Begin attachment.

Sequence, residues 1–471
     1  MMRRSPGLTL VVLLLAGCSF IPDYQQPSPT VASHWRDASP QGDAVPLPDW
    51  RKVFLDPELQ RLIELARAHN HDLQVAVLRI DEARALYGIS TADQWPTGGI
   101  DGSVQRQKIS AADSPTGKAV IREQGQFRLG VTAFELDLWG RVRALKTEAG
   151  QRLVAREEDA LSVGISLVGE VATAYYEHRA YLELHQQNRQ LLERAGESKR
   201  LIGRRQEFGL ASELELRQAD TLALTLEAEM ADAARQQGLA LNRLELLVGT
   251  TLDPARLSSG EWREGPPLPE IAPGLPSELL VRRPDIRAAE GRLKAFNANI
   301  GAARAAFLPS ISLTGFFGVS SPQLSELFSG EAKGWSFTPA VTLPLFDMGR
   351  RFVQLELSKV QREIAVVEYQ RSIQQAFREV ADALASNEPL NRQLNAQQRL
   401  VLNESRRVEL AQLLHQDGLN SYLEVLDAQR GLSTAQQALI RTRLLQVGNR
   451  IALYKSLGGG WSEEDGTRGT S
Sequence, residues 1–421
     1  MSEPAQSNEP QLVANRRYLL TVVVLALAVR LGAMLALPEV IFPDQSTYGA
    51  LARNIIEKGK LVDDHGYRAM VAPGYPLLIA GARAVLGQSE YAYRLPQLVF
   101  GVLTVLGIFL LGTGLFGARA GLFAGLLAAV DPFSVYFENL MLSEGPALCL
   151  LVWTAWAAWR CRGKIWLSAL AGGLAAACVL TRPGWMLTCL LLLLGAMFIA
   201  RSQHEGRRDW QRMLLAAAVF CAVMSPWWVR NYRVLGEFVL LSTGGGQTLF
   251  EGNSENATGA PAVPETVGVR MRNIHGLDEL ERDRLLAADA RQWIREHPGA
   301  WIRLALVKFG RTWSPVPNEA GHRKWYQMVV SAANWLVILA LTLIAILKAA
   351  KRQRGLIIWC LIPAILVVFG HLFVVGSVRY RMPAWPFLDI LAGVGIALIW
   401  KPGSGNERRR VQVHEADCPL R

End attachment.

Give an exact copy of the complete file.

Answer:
Sequence, residues 1–471
     1  MMRRSPGLTL VVLLLAGCSF IPDYQQPSPT VASHWRDASP QGDAVPLPDW
    51  RKVFLDPELQ RLIELARAHN HDLQVAVLRI DEARALYGIS TADQWPTGGI
   101  DGSVQRQKIS AADSPTGKAV IREQGQFRLG VTAFELDLWG RVRALKTEAG
   151  QRLVAREEDA LSVGISLVGE VATAYYEHRA YLELHQQNRQ LLERAGESKR
   201  LIGRRQEFGL ASELELRQAD TLALTLEAEM ADAARQQGLA LNRLELLVGT
   251  TLDPARLSSG EWREGPPLPE IAPGLPSELL VRRPDIRAAE GRLKAFNANI
   301  GAARAAFLPS ISLTGFFGVS SPQLSELFSG EAKGWSFTPA VTLPLFDMGR
   351  RFVQLELSKV QREIAVVEYQ RSIQQAFREV ADALASNEPL NRQLNAQQRL
   401  VLNESRRVEL AQLLHQDGLN SYLEVLDAQR GLSTAQQALI RTRLLQVGNR
   451  IALYKSLGGG WSEEDGTRGT S
Sequence, residues 1–421
     1  MSEPAQSNEP QLVANRRYLL TVVVLALAVR LGAMLALPEV IFPDQSTYGA
    51  LARNIIEKGK LVDDHGYRAM VAPGYPLLIA GARAVLGQSE YAYRLPQLVF
   101  GVLTVLGIFL LGTGLFGARA GLFAGLLAAV DPFSVYFENL MLSEGPALCL
   151  LVWTAWAAWR CRGKIWLSAL AGGLAAACVL TRPGWMLTCL LLLLGAMFIA
   201  RSQHEGRRDW QRMLLAAAVF CAVMSPWWVR NYRVLGEFVL LSTGGGQTLF
   251  EGNSENATGA PAVPETVGVR MRNIHGLDEL ERDRLLAADA RQWIREHPGA
   301  WIRLALVKFG RTWSPVPNEA GHRKWYQMVV SAANWLVILA LTLIAILKAA
   351  KRQRGLIIWC LIPAILVVFG HLFVVGSVRY RMPAWPFLDI LAGVGIALIW
   401  KPGSGNERRR VQVHEADCPL R